A couple of recent appeals illustrate the difficulty faced by local planning authorities in determining whether or not residential annexes comprise ancillary accommodation.
In the first case (DCS Number 200-003-920) a granny annexe in a west Wales village was accepted as being ancillary to the main house. Here, the house and the annexe would be attached by means of a short glazed link. The council was concerned that the annexe, comprising a living room, kitchen, utility room, conservatory, bedroom with en suite facilities, and space in the roof, could be used as a separate residential unit. The inspector decided, however, that a number of factors which included the proximity of the annexe to the house, and shared garden and parking, pointed to the unit being used as ancillary accommodation. Therefore, it would not conflict with the council’s local needs policy.
On the other hand…
Ancillary accommodation proposed at a house in rural Warwickshire was turned down at appeal, in part due to its distance from the main house (DCS Number 400-008-419). The annexe would comprise a large living, dining and kitchen area together with two bedrooms and two bathrooms. The inspector was concerned that the annexe would be sited 20m from the house, and the appellants were vague as to who would occupy it. A condition limiting occupation of the annexe to ancillary accommodation would be inappropriate, he decided, as it would be next to impossible to detect a breach.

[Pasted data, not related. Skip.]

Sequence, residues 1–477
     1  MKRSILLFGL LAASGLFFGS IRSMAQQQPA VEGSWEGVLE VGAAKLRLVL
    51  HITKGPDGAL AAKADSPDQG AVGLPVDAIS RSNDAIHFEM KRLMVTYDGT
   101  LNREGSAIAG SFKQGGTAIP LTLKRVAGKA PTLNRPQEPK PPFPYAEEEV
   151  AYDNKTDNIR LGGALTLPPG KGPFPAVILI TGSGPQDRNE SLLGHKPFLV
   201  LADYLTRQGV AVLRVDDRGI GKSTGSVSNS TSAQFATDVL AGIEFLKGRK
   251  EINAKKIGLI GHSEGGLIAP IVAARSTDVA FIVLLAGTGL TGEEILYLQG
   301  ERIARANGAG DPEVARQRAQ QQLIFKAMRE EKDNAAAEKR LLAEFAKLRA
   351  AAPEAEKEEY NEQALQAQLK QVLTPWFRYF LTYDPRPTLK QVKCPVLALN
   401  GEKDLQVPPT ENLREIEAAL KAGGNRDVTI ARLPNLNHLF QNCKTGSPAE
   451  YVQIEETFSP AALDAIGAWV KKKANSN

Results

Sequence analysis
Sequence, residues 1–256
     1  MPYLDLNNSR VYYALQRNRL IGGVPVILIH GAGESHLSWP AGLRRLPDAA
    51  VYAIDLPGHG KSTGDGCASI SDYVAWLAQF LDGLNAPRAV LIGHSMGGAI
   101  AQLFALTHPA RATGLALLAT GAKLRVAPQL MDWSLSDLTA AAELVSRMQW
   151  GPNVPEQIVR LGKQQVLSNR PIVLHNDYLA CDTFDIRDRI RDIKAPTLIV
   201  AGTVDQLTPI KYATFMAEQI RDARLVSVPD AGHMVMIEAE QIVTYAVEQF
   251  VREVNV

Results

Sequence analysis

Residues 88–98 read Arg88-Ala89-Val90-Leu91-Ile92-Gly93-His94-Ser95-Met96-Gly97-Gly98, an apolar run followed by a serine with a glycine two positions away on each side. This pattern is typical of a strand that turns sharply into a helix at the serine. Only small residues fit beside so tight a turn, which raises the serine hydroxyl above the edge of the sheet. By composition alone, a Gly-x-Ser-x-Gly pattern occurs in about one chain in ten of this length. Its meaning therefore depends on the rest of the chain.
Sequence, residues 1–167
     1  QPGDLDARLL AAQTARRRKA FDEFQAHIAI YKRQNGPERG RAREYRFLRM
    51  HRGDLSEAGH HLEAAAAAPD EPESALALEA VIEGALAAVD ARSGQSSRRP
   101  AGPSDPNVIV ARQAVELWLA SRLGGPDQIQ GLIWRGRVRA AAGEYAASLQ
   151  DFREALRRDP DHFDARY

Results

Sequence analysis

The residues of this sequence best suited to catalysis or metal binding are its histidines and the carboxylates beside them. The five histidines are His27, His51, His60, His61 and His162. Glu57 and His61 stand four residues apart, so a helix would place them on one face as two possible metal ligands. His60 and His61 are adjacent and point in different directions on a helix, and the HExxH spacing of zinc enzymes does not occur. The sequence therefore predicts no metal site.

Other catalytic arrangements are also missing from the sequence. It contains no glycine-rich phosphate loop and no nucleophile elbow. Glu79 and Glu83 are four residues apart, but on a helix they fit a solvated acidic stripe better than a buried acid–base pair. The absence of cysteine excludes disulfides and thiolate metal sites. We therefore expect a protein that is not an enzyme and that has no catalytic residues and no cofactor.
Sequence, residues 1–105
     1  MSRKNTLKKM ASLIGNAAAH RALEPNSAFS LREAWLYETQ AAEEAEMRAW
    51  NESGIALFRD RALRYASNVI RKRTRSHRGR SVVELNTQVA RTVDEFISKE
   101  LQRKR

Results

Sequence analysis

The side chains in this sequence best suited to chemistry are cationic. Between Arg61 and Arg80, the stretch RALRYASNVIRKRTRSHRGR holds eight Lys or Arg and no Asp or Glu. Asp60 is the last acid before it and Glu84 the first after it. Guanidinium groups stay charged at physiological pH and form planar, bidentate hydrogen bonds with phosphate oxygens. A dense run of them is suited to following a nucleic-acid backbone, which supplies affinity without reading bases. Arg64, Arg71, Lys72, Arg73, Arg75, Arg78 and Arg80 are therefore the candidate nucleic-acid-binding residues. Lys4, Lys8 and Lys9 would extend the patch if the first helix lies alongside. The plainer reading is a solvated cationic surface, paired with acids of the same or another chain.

So, both of these proposed annexes would be relatively large but one was allowed, the other dismissed. The greatest difference between them would seem to be the distance from the host dwelling. So all we have to decide is how close is close enough and how far is too far. Simples.
The following DCP chapter is relevant: 10.2